FAB 2. Bucs Need To Remember The Titans
Tampa Bay and Tennessee are two franchises with talented, young quarterbacks, best friends as general managers and are separated by one win over the past four years. With both teams coming off 2-14 seasons in 2014, the Bucs had the first overall pick and selected Florida State quarterback Jameis Winston. The Titans, which picked second overall, drafted Oregon quarterback Marcus Mariota, who would outshine Winston in a 42-14 thrashing in the 2015 season opening win for Tennessee in Tampa Bay.
Titans’ Record 2014-17
Bucs’ Record 2014-17
But that’s where the similarities stop. The two franchises are seemingly heading in the opposite direction of each other with the Titans on the way up and the Bucs on the way down following the 2017 season.
Both Tampa Bay and Tennessee were supposed to be teams on the rise this year and projected to make the playoffs. The Bucs failed to meet expectations and finished with a disappointing 5-11 record, while the Titans backed into the playoffs thanks to a Week 17 loss by the Baltimore Ravens and ended up upsetting the Chiefs at home in the Wild Card playoff game.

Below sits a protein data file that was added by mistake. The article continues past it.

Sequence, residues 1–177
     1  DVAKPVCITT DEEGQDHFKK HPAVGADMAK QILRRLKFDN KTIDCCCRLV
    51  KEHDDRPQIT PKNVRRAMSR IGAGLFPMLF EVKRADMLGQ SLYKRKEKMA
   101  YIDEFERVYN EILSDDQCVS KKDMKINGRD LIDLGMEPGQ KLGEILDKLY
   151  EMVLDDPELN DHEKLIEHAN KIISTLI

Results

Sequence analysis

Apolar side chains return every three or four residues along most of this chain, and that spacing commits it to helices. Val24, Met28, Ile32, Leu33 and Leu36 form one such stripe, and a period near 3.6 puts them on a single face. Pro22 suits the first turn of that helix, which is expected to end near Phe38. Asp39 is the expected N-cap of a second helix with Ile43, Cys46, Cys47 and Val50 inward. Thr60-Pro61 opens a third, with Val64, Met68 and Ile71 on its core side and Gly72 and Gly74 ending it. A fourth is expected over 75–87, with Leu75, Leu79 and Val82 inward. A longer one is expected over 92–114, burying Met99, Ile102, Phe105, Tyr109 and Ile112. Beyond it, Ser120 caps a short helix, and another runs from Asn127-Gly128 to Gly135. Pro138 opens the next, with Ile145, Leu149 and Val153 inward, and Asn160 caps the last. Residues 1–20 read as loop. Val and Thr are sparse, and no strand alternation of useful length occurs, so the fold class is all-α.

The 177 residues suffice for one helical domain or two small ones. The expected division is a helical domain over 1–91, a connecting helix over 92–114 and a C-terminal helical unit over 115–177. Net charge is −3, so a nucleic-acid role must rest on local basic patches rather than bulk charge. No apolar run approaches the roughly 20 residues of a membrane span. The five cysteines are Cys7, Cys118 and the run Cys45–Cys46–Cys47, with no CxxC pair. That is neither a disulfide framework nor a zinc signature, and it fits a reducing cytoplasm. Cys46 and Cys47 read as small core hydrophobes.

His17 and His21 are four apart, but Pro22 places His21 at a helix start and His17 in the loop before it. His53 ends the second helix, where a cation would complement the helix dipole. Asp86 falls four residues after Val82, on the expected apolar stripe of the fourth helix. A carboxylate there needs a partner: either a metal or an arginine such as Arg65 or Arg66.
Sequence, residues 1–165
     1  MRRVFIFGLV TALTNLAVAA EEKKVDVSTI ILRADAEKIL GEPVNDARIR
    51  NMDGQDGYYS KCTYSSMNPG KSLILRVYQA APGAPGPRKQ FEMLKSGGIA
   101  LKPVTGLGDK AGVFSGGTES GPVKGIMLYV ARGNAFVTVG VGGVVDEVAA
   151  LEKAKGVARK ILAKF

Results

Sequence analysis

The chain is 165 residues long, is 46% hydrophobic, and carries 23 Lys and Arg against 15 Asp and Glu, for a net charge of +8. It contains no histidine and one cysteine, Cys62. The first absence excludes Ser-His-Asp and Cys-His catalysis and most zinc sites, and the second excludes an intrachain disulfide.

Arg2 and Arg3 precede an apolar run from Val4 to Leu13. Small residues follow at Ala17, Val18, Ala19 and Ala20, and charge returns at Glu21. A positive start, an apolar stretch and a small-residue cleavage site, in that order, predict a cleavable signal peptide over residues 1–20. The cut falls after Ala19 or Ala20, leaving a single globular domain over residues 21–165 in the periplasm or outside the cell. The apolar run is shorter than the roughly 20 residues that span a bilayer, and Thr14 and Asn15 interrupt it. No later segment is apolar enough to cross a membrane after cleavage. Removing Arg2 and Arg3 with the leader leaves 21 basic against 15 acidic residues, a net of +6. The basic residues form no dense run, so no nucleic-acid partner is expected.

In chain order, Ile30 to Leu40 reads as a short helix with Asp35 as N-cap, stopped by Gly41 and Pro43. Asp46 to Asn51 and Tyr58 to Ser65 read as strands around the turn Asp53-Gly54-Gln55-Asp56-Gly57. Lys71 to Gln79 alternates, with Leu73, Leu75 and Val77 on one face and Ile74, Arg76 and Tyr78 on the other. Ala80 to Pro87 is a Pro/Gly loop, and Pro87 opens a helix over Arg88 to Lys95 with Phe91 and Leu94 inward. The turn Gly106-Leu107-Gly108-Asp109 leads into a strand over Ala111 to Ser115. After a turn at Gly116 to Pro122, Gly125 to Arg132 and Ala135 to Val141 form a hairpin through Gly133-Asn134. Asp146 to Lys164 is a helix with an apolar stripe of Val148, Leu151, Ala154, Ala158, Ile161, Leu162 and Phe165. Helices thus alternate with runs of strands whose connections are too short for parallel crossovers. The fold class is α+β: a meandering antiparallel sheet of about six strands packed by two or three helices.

Tampa Bay head coach Dirk Koetter was given another year to turn the team around and enters the 2018 season on the hot seat with general manager Jason Licht, whose contract option year was picked up over the summer, on the very warm seat.
Despite back-to-back 9-7 finishes in Tennessee and a surprise playoff win in 2017, the Titans fired head coach Mike Mularkey and could replace him with Houston defensive coordinator Mike Vrabel, who has ties to general manager Jon Robinson from their days together in New England where Vrabel was a defensive end and Robinson worked in the scouting department.